Box A1: MCCC Leaders and Members (when this guideline was developed)
Unless noted otherwise, Committee members had no disclosures of financial relationships with commercial entities
  • Chair (effective March 2018)Joseph P. McGowan, MD, FACP, FIDSA, North Shore University Hospital, Manhasset, NY
  • Co-Vice-Chair (Vice-Chair effective March 2018; Co-Vice-Chair effective January 2021)Steven M. Fine, MD, PhD, University of Rochester Medical Center, Rochester, NY
  • Co-Vice-Chair (effective January 2021): Rona M. Vail, MD, Callen-Lorde Community Health Center, New York, NY
  • Chair Emeritus (effective March 2018)Samuel T. Merrick, MD, New York-Presbyterian-Weill Cornell, New York, NY
  • Medical Director: Charles J. Gonzalez, MD, New York State Department of Health AIDS Institute, New York, NY (May 2018)
  • Clinical Advisor to the AIDS Institute (effective June 2021)Lyn Stevens, MS, NP, ACRN, New York State Department of Health AIDS Institute, Albany, NY
  • Director, JHU-NYSDOH AI Guidelines Program: Christopher J. Hoffmann, MD, MPH, Johns Hopkins University School of Medicine, Baltimore, MD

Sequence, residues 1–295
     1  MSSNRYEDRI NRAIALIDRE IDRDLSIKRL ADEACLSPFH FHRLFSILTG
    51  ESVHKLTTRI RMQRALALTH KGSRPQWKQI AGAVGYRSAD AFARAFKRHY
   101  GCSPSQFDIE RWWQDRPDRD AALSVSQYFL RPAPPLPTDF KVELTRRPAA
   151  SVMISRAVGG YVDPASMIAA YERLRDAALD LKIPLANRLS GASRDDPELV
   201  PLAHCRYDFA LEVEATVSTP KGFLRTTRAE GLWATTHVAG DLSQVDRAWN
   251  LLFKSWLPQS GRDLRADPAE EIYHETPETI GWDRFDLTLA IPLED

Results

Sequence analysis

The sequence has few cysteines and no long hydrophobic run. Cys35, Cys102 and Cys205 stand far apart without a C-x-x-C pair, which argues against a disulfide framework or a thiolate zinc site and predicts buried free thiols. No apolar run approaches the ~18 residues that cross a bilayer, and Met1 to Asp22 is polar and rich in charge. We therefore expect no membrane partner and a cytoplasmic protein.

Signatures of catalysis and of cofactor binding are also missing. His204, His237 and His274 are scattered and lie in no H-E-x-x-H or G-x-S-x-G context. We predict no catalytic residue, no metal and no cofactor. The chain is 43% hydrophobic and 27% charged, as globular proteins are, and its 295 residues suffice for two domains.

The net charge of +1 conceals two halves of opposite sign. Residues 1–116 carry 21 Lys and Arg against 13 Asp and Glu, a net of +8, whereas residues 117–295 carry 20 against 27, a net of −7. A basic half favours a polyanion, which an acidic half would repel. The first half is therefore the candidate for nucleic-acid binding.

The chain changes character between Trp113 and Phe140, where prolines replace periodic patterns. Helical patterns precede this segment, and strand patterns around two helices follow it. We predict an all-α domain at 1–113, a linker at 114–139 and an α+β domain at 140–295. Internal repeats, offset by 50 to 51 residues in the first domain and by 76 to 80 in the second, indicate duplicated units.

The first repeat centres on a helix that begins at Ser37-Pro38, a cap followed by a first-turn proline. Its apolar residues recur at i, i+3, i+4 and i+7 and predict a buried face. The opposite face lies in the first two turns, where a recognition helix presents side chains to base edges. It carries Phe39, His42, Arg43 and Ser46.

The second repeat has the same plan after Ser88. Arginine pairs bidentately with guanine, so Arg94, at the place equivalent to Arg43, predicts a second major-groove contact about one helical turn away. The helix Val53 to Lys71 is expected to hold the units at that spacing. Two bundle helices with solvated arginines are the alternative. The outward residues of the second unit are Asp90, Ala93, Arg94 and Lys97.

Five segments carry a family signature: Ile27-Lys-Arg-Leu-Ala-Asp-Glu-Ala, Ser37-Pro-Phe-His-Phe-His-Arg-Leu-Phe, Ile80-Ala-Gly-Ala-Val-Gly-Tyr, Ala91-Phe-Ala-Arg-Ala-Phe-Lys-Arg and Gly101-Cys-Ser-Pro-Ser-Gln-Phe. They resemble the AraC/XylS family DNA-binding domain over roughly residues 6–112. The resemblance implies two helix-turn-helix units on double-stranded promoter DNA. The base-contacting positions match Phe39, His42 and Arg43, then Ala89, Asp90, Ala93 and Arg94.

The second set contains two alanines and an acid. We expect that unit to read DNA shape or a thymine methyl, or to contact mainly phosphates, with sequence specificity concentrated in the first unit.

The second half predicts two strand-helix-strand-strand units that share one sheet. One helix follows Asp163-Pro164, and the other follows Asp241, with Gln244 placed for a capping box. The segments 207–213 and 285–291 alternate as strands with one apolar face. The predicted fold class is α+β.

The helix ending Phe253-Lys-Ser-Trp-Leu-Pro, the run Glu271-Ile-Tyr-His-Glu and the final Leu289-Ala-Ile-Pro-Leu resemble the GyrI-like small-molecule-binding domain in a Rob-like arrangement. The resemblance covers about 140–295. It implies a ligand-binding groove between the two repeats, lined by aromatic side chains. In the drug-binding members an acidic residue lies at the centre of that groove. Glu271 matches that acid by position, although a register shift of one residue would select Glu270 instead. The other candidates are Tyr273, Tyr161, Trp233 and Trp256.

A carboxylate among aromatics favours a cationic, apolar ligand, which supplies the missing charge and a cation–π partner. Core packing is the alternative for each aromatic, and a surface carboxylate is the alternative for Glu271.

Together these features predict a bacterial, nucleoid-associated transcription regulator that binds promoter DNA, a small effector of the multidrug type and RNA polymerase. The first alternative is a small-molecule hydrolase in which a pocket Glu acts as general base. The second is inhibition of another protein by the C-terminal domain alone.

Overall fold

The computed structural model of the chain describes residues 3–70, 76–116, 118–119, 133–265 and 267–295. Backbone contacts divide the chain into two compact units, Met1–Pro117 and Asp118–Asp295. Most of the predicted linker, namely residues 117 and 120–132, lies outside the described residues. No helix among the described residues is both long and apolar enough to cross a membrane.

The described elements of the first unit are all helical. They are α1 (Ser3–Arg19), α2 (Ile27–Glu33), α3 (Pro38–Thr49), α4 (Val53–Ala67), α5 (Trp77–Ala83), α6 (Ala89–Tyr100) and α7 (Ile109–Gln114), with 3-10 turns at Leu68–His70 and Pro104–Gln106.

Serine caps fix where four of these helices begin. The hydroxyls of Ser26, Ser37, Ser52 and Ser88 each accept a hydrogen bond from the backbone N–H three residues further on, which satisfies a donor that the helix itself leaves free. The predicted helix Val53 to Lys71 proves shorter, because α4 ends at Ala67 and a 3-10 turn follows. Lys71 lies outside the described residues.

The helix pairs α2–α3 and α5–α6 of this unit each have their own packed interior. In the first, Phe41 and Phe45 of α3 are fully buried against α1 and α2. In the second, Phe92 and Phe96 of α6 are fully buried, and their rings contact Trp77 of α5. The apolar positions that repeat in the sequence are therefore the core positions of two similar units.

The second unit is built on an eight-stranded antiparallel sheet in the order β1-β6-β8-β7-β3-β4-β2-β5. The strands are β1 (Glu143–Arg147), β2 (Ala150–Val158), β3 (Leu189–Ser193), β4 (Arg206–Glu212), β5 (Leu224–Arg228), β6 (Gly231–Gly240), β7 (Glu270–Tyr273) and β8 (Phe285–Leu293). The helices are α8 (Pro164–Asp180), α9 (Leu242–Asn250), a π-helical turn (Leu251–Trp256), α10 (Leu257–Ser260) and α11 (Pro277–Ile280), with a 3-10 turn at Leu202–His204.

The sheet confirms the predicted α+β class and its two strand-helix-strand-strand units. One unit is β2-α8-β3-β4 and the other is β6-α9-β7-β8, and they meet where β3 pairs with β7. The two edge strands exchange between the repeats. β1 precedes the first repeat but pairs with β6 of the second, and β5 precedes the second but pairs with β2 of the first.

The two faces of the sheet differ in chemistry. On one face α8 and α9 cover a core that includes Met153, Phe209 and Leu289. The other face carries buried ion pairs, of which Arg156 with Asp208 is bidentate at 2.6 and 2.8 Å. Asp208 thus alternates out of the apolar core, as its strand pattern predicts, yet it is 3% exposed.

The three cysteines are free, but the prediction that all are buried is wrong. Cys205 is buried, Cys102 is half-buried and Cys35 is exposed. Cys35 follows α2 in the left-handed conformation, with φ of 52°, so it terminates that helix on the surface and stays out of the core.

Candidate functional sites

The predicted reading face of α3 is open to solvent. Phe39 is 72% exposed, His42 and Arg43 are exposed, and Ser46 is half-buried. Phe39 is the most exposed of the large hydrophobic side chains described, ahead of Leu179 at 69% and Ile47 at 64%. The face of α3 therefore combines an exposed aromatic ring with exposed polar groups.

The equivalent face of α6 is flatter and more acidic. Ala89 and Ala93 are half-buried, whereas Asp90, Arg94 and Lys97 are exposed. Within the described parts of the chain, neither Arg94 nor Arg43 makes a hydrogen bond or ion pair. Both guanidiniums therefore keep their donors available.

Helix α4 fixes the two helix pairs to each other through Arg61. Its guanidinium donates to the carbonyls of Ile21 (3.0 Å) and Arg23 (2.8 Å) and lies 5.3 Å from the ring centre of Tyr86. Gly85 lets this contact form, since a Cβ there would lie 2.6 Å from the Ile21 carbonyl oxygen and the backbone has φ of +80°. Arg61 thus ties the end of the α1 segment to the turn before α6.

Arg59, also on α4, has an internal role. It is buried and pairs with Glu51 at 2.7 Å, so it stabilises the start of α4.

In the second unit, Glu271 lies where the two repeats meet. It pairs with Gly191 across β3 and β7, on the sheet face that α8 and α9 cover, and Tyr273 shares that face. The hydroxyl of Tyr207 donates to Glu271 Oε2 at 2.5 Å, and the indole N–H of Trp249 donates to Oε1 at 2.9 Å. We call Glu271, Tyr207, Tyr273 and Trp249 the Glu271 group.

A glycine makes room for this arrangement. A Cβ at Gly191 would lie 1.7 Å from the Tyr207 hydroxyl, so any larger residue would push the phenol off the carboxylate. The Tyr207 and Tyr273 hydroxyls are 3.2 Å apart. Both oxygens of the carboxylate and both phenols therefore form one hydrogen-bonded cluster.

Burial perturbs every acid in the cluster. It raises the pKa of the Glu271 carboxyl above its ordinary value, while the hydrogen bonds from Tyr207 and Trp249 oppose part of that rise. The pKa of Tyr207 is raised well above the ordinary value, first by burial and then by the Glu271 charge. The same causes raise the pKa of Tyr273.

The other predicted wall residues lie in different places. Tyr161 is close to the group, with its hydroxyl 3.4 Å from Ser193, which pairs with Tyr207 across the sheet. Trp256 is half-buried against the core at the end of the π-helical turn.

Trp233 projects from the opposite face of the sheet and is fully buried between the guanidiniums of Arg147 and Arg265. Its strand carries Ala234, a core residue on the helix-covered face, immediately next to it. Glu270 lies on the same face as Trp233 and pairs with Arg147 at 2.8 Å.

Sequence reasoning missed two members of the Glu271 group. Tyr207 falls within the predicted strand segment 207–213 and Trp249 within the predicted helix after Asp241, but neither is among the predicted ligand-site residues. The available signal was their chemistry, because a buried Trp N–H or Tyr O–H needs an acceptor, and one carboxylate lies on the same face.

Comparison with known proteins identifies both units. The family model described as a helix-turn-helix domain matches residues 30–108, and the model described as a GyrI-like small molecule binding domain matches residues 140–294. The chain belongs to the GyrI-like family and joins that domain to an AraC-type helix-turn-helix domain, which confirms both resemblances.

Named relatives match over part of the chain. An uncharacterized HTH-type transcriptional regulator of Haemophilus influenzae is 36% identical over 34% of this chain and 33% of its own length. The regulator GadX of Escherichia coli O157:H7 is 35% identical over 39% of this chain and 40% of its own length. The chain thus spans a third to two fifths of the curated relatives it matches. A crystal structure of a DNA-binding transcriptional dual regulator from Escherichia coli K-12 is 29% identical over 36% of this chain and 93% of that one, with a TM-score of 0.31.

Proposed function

Contributing Members
  • Jessica M. Atrio, MD, MSc, Albert Einstein College of Medicine/Montefiore Medical Center, Bronx, NY
  • Oni J. Blackstock, MD, MHS, Health Justice, New York, NY
  • James C. M. Brust, MD, Albert Einstein College of Medicine/Montefiore Medical Center, Bronx, NY
  • Ethan A. Cowan, MD, MS, Icahn School of Medicine at Mount Sinai, New York, NY
  • Elliot DeHaan, MD, New York-Presbyterian Hospital/Weill Cornell Medical Center, New York, NY
  • Mary E. Dyer, MD, Hudson River Healthcare, Monticello, NY
  • John J. Faragon, PHARMD, BCPS, AAHIVP, Albany Medical Center, Albany, New York
  • Shauna H. Gunaratne, MD, MPH, Columbia University Medical Center, New York, NY
  • Bruce E. Hirsch, MD, FACP, FIDSA, AAHIVS, North Shore University Hospital, Manhasset, NY
  • Christine A. Kerr, MD, Galileo Health
  • Jeremy D. Kidd, MD, MPH, New York-Presbyterian Hospital, Columbia University, New York, NY